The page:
Reporting Historical Sexual Abuse

Historical sexual abuse is a term used to describe child and/or adult sexual abuse that happened in the past. This could mean months, years or even many decades ago.
Last updated:

What is historical sexual abuse?

WA Government agencies are aware that deciding to report historical sexual abuse can be a stressful and overwhelming experience. We hope it can also be a helpful one.

This information is designed for you to understand the different reporting methods and what to expect from them.

Being well informed about what is involved in the reporting process can help you make the decision that is best for your situation.

It is your right to choose to report. No one can take that away from you.

How do I report my historical sexual abuse?

Deciding to report this abuse to police is a big decision.

Experienced investigators can explain all the available options, so that you can make an informed decision about what you want to do. Police understand that not everyone wants their incident to be formally investigated, but police do strongly encourage victims and witnesses to report all sexual abuse.


There are no time limits on reporting sexual abuse. It can be reported years after the offence and the investigation process can also be suspended and re-opened.

It is common for victims/survivors of historical offences to report to police many years and often decades after the abuse took place.

Reporting options - Speaking with the police

You can attend the police station and make a report of sexual assault without having that report investigated or making a formal statement, if that’s what you want to do.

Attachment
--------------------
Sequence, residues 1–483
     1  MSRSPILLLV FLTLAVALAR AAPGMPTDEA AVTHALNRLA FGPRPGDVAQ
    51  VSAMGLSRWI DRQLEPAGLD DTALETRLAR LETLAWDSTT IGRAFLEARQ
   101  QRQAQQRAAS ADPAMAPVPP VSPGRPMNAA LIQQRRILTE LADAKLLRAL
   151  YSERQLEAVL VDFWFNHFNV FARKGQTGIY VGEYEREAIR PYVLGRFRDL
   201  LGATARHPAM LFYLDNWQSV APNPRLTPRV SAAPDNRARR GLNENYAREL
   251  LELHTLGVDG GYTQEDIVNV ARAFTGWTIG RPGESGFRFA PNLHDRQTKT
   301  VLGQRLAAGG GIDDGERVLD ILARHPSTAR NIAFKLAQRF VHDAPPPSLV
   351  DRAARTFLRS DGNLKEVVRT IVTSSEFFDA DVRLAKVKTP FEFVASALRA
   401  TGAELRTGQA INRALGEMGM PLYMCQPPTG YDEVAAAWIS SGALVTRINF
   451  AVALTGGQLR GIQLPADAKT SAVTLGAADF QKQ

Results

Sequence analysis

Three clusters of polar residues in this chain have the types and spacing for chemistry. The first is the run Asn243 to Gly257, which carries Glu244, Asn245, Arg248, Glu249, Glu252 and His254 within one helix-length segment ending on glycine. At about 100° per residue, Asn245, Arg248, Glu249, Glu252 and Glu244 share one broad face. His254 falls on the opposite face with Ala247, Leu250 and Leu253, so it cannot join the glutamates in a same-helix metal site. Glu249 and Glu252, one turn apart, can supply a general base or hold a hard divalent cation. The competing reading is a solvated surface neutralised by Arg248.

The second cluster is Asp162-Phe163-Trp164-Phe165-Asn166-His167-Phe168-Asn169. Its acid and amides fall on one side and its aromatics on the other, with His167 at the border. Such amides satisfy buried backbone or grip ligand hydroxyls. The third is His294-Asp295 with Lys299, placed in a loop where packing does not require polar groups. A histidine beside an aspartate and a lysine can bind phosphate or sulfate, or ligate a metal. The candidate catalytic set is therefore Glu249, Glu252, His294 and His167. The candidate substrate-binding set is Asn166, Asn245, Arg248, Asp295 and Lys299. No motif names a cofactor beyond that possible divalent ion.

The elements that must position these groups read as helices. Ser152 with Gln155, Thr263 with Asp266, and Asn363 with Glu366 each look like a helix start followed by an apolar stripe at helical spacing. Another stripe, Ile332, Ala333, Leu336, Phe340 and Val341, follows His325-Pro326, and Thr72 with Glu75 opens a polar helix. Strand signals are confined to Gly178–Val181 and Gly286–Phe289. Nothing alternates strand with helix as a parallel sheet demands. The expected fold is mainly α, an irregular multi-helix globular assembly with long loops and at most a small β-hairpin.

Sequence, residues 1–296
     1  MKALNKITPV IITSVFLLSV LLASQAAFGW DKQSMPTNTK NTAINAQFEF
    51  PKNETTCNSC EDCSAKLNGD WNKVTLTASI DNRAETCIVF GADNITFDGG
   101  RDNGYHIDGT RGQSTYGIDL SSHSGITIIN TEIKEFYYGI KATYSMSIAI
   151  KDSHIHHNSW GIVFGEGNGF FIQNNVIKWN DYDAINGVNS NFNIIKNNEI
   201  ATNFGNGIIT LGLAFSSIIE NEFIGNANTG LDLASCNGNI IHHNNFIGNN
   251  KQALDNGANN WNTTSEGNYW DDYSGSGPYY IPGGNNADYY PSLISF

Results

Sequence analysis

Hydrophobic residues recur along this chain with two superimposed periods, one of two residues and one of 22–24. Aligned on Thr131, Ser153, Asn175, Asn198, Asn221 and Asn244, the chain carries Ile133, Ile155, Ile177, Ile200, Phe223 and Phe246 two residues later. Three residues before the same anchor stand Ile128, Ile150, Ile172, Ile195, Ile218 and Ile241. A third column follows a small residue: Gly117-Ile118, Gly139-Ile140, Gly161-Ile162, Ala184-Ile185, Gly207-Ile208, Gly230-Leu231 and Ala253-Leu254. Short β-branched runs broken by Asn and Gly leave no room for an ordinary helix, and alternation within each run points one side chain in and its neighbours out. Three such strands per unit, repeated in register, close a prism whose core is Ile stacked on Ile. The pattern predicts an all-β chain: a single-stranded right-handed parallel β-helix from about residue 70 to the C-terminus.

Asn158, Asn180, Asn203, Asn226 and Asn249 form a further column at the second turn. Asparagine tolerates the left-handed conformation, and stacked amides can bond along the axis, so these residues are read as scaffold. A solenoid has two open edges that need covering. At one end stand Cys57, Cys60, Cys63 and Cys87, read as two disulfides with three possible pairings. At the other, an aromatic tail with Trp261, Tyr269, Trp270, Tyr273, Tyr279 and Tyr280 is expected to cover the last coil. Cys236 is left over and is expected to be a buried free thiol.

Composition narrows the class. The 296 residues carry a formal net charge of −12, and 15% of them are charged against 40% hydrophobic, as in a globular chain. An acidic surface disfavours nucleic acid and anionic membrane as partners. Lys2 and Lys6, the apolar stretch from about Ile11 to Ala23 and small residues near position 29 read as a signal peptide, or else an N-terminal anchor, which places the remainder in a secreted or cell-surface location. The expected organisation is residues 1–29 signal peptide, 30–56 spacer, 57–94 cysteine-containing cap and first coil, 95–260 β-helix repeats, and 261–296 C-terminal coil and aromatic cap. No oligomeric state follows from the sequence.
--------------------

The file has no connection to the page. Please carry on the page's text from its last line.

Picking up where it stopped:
If you would like to discuss whether to make a formal report to police, you can contact your local police station by phone or ask to come in and speak face to face.

If you decide to attend in person, it is a good idea to telephone your local police station and make an appointment. The duty officer will speak with the detective’s office and arrange for you to speak to a detective. If attending in person, you do not need to tell your whole story but will need to provide some details about what occurred at this time to be able to arrange for a detective to speak with you.

You can discuss with the detective what is involved in making a formal statement and what will happen after. You can ask to speak to a male or female detective and police will attempt to accommodate your request.

If you decide to make a formal statement, you can give an initial overview of what occurred, and then complete a formal statement. The statement process can take a long time and will involve remembering and recounting, as best as possible, the abuse in detail.

Police know that this can be difficult and traumatic, but it is important to tell them everything that you remember.

After you make a formal statement, the detectives will investigate the complaint. Detectives may obtain further statements and collect further information about the case. Once all information has been obtained, the detectives will make an assessment about whether there is sufficient evidence to bring the matter before the courts.

Sometimes, the length of the investigation may be affected by police having to prioritise some aspects of a recent report over an historical report, due to current community safety concerns and investigations.

During the investigation, detectives will maintain contact with you and keep you updated.

The length of an investigation varies for each case. It will usually be a lengthy process if the investigation progresses towards an arrest and criminal proceedings.

Regular communication with the detective should occur at all times during the process. You should feel you are able to contact the detective investigating your matter and have your questions or concerns responded to in a sensitive manner. 

Call your local station or 131 444 in the first instance.